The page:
In May 2012, the House and Senate incorporated the bills addressing drug shortages into their respective versions of legislation reauthorizing PDUFA. They reconciled their PDUFA legislation in June, and the final version was passed unanimously in the Senate and by a margin of 92-4 in the House of Representatives.
The lack of partisanship in this process demonstrates the universal importance of the issue and the ability of all who advocated on the grassroots level to separate it from the politics of an otherwise gridlocked Congress, said Meyer.
“The drug shortages issue was not couched in terms of health care reform, but in the availability of medical treatment for patients,” he said. “Whether you’re talking about pediatrics, emergency medicine, oncology, or another specialty, this touches everyone’s life. It automatically cuts across partisan lines.”
Finally, in July of 2012, 20 months after the stakeholder summit, the President signed the Food and Drug Safety Innovation Act (Title X of Public Law 112-144 addresses drug shortages).
The Executive Order of last October, the reauthorization of PDUFA, and the laws and regulations outlined in 24 pages of Title X are victories for patient care. But that doesn’t mean the end of drug shortages—or an end to the need for advocacy on behalf of patient care and the profession of pharmacy, according to Reilly.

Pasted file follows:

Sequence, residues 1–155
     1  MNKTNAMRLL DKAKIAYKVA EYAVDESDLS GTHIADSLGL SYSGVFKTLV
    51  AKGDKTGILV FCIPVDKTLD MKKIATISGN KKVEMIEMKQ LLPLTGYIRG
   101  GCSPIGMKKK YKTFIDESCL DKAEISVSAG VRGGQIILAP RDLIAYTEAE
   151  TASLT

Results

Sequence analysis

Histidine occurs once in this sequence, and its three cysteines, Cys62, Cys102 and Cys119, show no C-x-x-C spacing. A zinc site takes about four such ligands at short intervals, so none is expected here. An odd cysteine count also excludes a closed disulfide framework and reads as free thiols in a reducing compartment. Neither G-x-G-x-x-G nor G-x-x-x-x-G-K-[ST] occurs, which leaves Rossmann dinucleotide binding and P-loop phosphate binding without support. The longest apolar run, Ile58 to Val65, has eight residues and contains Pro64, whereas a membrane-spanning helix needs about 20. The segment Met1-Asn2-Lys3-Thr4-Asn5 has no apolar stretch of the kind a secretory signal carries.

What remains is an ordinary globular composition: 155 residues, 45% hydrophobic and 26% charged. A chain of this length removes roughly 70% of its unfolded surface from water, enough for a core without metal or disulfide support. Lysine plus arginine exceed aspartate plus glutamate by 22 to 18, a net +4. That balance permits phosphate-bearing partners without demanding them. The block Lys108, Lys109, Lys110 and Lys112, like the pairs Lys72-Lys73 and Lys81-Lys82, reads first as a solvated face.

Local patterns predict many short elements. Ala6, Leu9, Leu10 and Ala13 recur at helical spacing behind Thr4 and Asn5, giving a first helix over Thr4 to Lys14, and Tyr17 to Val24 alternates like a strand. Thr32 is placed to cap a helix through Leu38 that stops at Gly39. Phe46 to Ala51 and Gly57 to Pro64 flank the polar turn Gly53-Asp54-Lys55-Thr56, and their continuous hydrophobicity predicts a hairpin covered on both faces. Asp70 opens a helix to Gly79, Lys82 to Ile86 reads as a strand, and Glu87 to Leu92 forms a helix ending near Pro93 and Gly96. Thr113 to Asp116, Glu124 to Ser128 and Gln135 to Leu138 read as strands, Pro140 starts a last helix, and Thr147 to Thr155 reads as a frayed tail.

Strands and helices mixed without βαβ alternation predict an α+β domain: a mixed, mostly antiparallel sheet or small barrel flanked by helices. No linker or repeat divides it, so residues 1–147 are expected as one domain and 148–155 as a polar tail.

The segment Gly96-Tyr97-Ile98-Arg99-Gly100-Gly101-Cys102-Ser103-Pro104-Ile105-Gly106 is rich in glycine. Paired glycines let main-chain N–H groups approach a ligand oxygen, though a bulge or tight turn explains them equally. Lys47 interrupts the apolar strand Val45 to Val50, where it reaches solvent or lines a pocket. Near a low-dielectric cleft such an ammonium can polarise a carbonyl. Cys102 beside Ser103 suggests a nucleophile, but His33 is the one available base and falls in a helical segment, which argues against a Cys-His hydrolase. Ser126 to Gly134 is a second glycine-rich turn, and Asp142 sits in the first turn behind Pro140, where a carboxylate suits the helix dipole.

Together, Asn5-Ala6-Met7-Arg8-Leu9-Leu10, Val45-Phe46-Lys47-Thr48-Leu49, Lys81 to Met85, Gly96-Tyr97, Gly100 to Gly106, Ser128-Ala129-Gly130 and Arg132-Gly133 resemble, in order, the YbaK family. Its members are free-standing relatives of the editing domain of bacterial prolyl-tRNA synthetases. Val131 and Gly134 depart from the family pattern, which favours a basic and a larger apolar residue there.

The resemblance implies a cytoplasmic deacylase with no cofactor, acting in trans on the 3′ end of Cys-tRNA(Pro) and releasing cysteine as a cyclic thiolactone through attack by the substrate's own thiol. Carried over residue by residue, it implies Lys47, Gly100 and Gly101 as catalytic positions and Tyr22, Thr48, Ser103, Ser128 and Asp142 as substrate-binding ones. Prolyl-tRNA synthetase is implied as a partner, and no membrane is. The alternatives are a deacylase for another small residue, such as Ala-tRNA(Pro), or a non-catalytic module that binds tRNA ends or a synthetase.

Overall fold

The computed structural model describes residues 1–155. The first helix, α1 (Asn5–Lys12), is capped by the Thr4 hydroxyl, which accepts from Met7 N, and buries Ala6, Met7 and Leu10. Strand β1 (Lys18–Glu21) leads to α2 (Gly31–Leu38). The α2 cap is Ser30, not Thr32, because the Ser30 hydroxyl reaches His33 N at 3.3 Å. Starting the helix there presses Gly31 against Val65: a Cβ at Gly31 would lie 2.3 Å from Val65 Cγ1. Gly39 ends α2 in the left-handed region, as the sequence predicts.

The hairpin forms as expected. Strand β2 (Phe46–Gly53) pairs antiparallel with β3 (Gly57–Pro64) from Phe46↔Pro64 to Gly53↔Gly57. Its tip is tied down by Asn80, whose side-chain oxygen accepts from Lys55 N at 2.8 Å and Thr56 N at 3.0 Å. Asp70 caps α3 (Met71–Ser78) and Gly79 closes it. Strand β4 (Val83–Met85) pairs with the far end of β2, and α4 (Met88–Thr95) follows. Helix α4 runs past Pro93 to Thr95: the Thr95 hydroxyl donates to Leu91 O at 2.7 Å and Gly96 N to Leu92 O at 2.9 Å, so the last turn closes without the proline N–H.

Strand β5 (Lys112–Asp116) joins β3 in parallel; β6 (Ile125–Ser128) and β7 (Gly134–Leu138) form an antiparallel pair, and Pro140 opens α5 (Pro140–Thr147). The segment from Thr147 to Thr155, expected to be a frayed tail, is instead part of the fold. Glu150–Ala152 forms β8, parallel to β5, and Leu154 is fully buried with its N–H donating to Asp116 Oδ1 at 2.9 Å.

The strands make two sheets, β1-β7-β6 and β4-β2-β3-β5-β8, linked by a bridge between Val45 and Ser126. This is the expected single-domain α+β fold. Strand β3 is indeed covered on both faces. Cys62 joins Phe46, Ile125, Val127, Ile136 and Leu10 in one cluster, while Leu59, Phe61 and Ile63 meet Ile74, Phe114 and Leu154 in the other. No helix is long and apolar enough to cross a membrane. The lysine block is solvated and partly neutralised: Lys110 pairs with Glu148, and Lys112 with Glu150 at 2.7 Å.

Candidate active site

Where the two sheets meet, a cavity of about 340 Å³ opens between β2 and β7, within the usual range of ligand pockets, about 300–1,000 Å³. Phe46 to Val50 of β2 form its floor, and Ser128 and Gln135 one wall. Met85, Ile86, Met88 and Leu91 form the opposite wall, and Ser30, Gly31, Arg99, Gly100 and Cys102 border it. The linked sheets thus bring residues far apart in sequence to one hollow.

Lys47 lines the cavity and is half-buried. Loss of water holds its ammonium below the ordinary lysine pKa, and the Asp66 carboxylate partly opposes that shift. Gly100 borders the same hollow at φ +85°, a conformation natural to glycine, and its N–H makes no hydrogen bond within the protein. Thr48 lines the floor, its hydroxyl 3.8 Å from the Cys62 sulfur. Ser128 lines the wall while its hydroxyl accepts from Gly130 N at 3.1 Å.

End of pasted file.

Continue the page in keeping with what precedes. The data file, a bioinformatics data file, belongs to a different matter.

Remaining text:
“We haven’t checked it off as a done issue. We’re going to continue to monitor drug shortages and look for places where we can have an influence,” she said.
Hill points to the need to support the FDA’s efforts. “We face serious fiscal challenges as a nation. The FDA’s mission is crucial to public health, and we want to make sure their budget remains intact. That is something we’ll have to continue to work on.”
But ASHP staff can’t do it alone. If the drug shortage issue reveals anything, it’s that clinicians can have a tremendous impact on shaping health care law.
“A key piece to the success on this was our members’ willingness to get involved, contact their legislators, and educate them on the issues,” said Meyer. “We hope to build on the credibility our members have established on behalf of the profession, and build on the relationships they have with their legislators not only for continued work on drug shortages, but for other issues going forward.”
–By Terri D’Arrigo